FIG. 6 illustrates an example process 600 for enabling a user to select an action to be performed with respect to an element that can be utilized in accordance with various embodiments. It should be understood that there can be additional, fewer, or alternative steps performed in similar or alternative orders, or in parallel, within the scope of the various embodiments unless otherwise stated. In this example, a position of a finger of a user is determined 602 with respect to a display element of a computing device. As discussed, other features can be located as well, such as a thumb or hand position, as well as the location of an object being held by the user, gaze direction of the user, etc. In addition, an element of a graphical user interface displayed on the display element that corresponds to the position of the finger can be determined 604. If the finger touches or hovers over the display element at a location associated with the element, or makes a gesture at a location associated with the element, among other such options, a determination can be made 606 as to whether a length of the touch or hover lasted for less than an action threshold amount of time. If so, a conventional selection of that element can be determined 608 by the device. If the touch or hover lasts at least as long as the action threshold, a determination can be made as to whether a motion in an appropriate direction is detected 610. As discussed, these motions can correspond to scroll directions, directions of options or actions for the current element, etc. If motion is detected, the direction of the motion is determined 612 and an action corresponding to that direction is performed 614 (or caused to be performed) corresponding to the currently selected element.
A determination can also be made 616 as to whether an amount of time for the contact or hover at least meets a menu threshold amount of time. If so, a radial menu of options or actions can be displayed 618 with respect to the element. As discussed, the options or actions displayed can be selected based at least in part upon a context or type of element, among other such aspects. If motion is detected 620 while the menu is displayed, the motion can be treated the same as if the motion was performed before the menu was displayed, with the direction being determined and the corresponding action performed. If none of these motions is detected and the hover or contact stops, the process can stop without performing or selecting any options.
It should be understood that other selection mechanisms can be used as well. For example, a selection gesture does not need to include a hover near the screen but can correspond to a motion performed away from the screen, as may be detected by at least one camera or sensor. The motion can be with respect to a mapped region or can involve pointing at an element and then making the appropriate motion. Other input methods such as gaze tracking, head tracking, voice input, and other approaches can be used as well within the scope of the various embodiments.
FIG. 7 illustrates an example electronic user device 700 that can be used in accordance with various embodiments. Although a portable computing device (e.g., an electronic book reader or tablet computer) is shown, it should be understood that any electronic device capable of receiving, determining, and/or processing input can be used in accordance with various embodiments discussed herein, where the devices can include, for example, desktop computers, notebook computers, personal data assistants, smart phones, video gaming consoles, television set top boxes, and portable media players. In this example, the computing device 700 has a display screen 702 on the front side, which under normal operation will display information to a user facing the display screen (e.g., on the same side of the computing device as the display screen). The computing device in this example includes at least one camera 704 or other imaging element for capturing still or video image information over at least a field of view of the at least one camera. In some embodiments, the computing device might only contain one imaging element, and in other embodiments the computing device might contain several imaging elements. Each image capture element may be, for example, a camera, a charge-coupled device (CCD), a motion detection sensor, or an infrared sensor, among many other possibilities. If there are multiple image capture elements on the computing device, the image capture elements may be of different types. In some embodiments, at least one imaging element can include at least one wide-angle optical element, such as a fish-eye lens, that enables the camera to capture images over a wide range of angles, such as 170 degrees or more. Further, each image capture element can comprise a digital still camera, configured to capture subsequent frames in rapid succession, or a video camera able to capture streaming video.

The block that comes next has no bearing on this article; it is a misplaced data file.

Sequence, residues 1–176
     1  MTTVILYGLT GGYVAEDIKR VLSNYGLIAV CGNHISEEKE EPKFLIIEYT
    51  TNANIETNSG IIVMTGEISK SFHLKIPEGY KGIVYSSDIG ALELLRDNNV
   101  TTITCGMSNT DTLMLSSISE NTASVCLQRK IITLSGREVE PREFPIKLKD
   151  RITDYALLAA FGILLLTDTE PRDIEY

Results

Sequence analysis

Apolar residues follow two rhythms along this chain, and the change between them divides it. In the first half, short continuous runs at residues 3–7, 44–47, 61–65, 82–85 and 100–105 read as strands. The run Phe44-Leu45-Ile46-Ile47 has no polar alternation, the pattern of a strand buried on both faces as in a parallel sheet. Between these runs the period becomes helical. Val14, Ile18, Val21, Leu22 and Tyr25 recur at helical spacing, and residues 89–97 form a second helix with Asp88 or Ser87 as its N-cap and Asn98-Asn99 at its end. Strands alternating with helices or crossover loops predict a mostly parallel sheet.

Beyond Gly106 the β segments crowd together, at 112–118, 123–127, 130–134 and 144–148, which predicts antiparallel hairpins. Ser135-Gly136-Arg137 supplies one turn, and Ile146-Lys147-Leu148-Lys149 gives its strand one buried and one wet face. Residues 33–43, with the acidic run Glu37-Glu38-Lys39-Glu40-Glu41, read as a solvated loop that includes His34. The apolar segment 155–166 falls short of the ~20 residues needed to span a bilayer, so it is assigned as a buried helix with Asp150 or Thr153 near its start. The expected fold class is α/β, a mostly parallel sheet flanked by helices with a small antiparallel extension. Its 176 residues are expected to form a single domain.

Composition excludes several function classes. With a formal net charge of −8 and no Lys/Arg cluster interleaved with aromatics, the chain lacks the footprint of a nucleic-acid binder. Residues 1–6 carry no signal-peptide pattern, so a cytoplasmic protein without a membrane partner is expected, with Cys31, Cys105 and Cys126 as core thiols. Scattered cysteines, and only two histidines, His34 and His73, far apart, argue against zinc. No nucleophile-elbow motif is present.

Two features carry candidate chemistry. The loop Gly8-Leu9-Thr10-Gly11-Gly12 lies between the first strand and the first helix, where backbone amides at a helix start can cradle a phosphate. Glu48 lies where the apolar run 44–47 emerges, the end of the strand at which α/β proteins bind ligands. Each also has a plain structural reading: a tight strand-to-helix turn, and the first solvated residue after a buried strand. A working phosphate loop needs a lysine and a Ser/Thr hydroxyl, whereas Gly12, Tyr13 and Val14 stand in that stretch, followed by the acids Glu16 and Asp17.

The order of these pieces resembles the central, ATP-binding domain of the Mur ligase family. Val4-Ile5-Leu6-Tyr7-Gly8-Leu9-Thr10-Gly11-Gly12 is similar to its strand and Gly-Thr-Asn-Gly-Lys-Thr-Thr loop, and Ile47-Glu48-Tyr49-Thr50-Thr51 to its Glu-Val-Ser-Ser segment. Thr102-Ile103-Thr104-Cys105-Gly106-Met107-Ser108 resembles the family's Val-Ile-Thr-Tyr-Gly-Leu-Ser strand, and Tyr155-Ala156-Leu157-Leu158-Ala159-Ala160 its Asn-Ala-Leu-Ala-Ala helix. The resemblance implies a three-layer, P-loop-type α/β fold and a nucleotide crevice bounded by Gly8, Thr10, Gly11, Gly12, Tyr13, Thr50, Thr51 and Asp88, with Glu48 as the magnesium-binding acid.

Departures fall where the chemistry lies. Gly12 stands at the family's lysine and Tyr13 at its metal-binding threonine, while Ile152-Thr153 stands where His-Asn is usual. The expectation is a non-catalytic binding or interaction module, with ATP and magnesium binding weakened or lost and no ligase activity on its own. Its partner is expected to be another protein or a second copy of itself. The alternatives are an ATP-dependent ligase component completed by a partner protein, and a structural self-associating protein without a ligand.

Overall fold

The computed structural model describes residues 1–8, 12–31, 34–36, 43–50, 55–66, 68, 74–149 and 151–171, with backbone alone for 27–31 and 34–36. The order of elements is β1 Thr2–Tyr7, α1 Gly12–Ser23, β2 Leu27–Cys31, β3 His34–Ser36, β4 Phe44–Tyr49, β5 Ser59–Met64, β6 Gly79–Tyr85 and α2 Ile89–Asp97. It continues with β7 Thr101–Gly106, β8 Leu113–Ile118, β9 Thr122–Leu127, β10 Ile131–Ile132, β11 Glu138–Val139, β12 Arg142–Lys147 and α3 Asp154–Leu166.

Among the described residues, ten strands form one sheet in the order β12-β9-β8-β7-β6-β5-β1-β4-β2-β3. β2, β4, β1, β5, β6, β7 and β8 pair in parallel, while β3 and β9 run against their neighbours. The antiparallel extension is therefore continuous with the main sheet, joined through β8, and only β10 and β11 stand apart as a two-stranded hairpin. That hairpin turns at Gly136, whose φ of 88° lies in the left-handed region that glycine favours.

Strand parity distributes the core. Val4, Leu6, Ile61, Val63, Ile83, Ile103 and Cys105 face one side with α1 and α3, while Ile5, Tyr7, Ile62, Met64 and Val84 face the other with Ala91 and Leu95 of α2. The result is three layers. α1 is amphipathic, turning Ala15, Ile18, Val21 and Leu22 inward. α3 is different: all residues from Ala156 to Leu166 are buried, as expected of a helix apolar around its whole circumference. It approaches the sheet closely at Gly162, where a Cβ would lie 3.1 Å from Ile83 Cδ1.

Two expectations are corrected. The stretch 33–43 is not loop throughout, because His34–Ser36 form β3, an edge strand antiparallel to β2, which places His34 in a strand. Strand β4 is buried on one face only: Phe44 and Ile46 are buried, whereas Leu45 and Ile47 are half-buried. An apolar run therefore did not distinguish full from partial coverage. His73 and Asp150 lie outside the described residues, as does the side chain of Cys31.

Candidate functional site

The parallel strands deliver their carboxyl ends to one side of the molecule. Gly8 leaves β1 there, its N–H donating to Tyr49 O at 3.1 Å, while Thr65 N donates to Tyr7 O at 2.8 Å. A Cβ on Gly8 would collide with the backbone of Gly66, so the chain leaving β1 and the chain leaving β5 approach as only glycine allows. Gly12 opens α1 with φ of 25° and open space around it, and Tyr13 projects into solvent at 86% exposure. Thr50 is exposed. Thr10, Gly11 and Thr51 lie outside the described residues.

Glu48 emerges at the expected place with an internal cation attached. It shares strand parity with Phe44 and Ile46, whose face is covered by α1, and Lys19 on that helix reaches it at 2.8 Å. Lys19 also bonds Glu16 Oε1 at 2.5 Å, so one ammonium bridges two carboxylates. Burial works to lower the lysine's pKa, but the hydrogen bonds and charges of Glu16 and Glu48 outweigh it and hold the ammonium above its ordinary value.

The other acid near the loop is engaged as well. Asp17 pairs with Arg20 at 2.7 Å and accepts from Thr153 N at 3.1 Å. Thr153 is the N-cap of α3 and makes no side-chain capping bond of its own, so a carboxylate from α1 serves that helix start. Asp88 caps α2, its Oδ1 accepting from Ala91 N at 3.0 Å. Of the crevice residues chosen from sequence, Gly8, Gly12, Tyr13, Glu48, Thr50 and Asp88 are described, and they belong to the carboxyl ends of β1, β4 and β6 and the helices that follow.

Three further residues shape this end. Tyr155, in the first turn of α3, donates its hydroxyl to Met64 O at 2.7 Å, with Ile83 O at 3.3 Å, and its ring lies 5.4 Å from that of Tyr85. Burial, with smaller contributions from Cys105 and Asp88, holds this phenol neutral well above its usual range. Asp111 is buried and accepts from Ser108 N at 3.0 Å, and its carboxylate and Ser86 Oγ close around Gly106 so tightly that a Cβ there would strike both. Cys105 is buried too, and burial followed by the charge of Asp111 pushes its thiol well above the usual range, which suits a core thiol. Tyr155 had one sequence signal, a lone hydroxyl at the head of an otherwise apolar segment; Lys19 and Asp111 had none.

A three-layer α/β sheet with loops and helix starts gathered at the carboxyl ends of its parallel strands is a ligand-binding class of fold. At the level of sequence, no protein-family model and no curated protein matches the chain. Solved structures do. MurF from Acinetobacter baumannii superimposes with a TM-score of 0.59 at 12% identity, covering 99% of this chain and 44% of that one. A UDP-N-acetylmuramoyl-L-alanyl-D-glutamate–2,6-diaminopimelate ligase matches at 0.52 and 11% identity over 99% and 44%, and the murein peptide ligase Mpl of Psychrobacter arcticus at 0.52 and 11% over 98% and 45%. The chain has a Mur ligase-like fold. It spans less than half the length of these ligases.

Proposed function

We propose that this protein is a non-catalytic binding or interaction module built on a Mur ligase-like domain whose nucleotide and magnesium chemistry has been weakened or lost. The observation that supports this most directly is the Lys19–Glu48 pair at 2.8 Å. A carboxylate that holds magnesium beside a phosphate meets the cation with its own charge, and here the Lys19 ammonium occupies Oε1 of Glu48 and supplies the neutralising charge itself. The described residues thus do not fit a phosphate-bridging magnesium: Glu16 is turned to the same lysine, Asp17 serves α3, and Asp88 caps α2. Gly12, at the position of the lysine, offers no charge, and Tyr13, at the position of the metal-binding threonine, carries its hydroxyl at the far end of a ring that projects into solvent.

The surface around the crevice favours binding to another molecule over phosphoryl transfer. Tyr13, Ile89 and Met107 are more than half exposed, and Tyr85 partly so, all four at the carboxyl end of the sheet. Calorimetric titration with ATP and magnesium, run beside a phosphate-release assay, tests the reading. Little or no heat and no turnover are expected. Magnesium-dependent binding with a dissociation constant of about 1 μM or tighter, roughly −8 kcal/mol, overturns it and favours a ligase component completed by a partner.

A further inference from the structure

The example computing device 700 also includes at least one microphone 706 or other audio capture device capable of capturing audio data, such as words or commands spoken by a user of the device, music playing near the device, etc. In this example, a microphone 706 is placed on the same side of the device as the display screen 702, such that the microphone will typically be better able to capture words spoken by a user of the device. In at least some embodiments, a microphone can be a directional microphone that captures sound information from substantially directly in front of the microphone, and picks up only a limited amount of sound from other directions. It should be understood that a microphone might be located on any appropriate surface of any region, face, or edge of the device in different embodiments, and that multiple microphones can be used for audio recording and filtering purposes, etc.